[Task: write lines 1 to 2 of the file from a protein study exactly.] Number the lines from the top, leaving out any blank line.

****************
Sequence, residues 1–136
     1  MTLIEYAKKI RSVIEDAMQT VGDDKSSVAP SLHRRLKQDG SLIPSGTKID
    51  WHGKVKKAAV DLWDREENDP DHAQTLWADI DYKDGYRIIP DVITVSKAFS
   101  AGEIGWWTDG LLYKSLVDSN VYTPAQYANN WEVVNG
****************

Sequence, residues 1–136
     1  MTLIEYAKKI RSVIEDAMQT VGDDKSSVAP SLHRRLKQDG SLIPSGTKID